Requirements for AgilityBy Faisal Hoque | Posted 2010-04-20 Email Print
Know the Risk: Digital Transformation's Impact on Your Business-Critical Applications REGISTER >
Conventional wisdom says large, established companies cannot be agile. That's not the case.
Enterprisers have three requirements for achieving agility.
As previously discussed, a sense-and-respond capability is needed. Companies must facilitate learning from various processes to respond to changes in their environment. This learning must operate at different levels and within different areas of the firm and should be based on recurrent sense-and-respond cycles. Business technology can facilitate these learning processes by supporting the collection, distribution, analysis and interpretation of data associated with business processes; and generating response alternatives, decisions on appropriate courses of action, and orchestrating selected responses.
Next is an emphasis on improvement and innovation. Business agility combines improvement and innovation responses. Opportunistic firms emphasize improvements, but often fail to foster innovations. They follow best practices, listen to the customer, and are good at improving current capabilities. Innovative firms, by contrast, are focused on innovating processes through new technologies, services and strategies. They generate “next” practices, but have a limited focus on fine-tuning current operations. When market pressures are high and the environment is turbulent, the ideal is an agile firm that combines improvement and innovation initiatives to constantly reposition itself. Agile firms are able to improve existing practices and innovates new ones because they have an enterprise architecture in place that forms a construct in support of the overall strategy.
Finally, having distributed and coordinated authority is key. Agile firms must adopt radically different forms of governance and translate their mission and objectives into information that can easily be interpreted by constituents. These firms must replace traditional command and control approaches with mechanisms that facilitate coordination within and across locales. These mechanisms must provide individuals, groups and units with the autonomy to improvise and act on local knowledge, while orchestrating coherent behavior across the firm. Processes—the assignment of task and responsibilities—must be supplemented with personal accountability.
The Converged Company
One sign of a converged company is that the people making decisions on business and technology are the same people – they are conversant in both. They have an understanding of the business mission and an appreciation for the technologies that enable it. However, enterprises that fail to take a multi-disciplinary approach can’t move quickly or intelligently to seize advantage or respond to threats.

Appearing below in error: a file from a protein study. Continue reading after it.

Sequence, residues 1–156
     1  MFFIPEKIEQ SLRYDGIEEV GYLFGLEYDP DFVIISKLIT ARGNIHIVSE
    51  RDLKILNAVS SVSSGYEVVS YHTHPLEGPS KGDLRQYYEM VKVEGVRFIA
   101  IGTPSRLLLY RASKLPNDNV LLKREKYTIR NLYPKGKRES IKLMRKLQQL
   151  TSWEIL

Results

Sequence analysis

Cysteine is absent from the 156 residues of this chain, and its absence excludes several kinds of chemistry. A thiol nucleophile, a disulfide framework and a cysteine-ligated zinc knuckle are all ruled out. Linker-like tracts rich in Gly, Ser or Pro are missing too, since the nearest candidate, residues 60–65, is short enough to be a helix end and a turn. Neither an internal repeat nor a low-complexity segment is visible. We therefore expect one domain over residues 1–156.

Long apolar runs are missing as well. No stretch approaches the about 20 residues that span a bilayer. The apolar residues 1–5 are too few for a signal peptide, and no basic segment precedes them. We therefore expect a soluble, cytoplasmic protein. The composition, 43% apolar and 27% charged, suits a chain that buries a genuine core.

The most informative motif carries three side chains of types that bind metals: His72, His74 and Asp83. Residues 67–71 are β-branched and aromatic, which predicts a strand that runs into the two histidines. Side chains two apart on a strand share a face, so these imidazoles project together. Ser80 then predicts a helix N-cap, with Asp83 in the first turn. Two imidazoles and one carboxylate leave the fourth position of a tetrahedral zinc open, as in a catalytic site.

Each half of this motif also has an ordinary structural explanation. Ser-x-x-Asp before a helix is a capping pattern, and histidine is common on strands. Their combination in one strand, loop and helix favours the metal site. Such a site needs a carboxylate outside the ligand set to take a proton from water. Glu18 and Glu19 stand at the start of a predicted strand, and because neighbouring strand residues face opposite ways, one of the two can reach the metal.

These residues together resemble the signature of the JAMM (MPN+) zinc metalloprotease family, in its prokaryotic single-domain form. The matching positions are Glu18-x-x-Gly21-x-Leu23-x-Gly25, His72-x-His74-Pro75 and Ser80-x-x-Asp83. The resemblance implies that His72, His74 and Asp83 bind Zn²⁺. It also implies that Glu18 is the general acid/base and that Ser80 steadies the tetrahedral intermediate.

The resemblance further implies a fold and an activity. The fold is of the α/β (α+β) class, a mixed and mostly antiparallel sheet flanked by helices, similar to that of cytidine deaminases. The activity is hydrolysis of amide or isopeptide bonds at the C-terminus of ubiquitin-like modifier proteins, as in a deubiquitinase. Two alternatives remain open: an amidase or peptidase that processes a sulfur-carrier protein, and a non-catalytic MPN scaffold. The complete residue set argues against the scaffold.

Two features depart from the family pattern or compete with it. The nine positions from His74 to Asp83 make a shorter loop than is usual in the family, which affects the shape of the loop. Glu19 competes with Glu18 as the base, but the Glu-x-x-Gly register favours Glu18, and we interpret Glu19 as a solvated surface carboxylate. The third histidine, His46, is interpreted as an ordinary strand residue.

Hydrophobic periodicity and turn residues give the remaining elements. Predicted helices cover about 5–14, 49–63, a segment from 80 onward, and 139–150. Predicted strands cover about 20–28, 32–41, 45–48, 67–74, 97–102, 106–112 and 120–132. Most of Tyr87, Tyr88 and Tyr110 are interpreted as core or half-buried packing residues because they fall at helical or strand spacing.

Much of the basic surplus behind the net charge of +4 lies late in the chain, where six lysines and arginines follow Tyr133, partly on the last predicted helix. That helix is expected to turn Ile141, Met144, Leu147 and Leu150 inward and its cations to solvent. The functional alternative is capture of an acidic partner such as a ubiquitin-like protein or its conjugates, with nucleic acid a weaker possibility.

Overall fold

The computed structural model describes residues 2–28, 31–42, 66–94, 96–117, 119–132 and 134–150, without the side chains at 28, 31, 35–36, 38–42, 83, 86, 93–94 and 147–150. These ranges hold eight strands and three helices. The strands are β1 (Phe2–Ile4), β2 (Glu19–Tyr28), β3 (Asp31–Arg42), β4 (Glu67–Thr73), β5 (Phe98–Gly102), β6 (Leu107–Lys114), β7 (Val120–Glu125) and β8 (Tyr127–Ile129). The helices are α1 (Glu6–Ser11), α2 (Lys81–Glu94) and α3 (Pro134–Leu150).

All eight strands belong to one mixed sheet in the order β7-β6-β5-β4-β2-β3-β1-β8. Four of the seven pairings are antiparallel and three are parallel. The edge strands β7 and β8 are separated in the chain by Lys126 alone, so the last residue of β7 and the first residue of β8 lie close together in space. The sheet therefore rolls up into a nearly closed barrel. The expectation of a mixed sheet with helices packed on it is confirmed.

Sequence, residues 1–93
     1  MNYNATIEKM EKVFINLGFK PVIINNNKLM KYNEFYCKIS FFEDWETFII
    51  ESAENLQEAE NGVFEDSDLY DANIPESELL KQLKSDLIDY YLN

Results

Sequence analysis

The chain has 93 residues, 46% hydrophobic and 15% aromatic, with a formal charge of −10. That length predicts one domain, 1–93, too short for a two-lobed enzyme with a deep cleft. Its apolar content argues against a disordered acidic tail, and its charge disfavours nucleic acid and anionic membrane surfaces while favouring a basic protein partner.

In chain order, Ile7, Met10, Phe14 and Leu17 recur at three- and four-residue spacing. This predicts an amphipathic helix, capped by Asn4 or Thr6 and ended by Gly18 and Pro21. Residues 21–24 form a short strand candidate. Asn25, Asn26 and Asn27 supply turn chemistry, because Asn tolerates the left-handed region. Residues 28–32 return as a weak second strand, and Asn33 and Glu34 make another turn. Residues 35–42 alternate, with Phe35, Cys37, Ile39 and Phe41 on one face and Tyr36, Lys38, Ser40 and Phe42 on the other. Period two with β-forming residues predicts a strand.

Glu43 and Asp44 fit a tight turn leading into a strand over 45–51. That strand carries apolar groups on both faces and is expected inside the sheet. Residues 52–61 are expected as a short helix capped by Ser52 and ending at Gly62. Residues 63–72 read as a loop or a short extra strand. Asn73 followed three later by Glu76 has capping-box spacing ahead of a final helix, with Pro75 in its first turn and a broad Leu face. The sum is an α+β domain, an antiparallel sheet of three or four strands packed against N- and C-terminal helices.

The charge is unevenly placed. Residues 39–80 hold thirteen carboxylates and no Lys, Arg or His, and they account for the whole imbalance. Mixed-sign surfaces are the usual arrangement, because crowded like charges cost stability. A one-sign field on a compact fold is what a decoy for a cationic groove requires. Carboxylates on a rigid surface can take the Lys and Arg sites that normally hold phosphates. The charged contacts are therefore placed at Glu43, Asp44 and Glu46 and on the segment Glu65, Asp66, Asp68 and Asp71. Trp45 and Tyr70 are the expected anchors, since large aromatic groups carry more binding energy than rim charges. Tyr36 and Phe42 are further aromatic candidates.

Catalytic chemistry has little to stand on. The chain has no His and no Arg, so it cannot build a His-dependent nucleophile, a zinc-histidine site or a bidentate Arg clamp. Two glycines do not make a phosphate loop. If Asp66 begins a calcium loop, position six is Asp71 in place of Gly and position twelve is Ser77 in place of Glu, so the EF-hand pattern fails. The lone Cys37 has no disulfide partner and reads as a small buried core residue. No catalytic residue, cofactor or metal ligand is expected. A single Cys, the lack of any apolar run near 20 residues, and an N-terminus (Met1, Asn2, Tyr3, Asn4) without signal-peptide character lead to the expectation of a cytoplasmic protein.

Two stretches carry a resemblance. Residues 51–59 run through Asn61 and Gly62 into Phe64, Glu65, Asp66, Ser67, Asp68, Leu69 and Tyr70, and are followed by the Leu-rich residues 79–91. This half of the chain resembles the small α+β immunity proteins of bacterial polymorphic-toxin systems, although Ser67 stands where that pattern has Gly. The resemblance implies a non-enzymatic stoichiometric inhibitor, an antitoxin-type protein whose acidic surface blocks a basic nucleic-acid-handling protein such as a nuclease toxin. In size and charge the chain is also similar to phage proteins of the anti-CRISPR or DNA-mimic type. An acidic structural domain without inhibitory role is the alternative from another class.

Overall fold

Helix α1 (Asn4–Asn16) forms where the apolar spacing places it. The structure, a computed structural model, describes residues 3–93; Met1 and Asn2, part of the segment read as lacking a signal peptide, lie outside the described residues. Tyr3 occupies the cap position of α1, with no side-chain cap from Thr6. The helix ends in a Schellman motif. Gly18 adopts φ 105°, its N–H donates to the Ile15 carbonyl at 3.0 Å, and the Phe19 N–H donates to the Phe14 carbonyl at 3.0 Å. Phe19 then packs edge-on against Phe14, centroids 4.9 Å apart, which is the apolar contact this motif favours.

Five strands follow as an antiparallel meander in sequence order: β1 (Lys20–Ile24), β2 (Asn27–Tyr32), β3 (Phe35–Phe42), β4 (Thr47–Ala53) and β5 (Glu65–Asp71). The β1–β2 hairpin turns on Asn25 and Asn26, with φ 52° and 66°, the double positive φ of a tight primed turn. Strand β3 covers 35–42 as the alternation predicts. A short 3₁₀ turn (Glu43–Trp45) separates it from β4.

The quest for success in an organization today begins with repeatable, day-to-day disciplines through the converged management of business and technology.
Research conducted by the BTM Institute has shown that genuinely agile and innovative organizations have moved towards the convergence of business and technology management.
Convergence relies upon repeatable, cross-disciplinary management capabilities that will drive agile, innovative, extended enterprises. Convergence occurs in the establishment of organizational structures, processes, information flows and automation that unite decision-making from the boardroom to the project team.
Converged organizations are able to adapt and move rapidly in response to events and change. This is a direct result of the two “sides” of an organization acting in unison with full knowledge of what resources they have available and what they need to do to act on an opportunity or a threat.
Agility is the catalyst.
Survival is enabled.
Success is the result.
To hear Faisal speak more about Achieving Business Agility through Convergence, visit him at Impact 2010. To learn more about the event, visit: www.ibm.com/impact
Faisal Hoque (www.faisalhoque.com) is the founder and CEO of BTM Corporation (www.btmcorporation.com). A former senior executive at GE and other multi-nationals, Faisal is an internationally known entrepreneur and thought leader. He has written five management books, established a non-profit institute, The BTM Institute, and become a leading authority on the issue of effective interaction between business and technology. © 2010 Faisal Hoque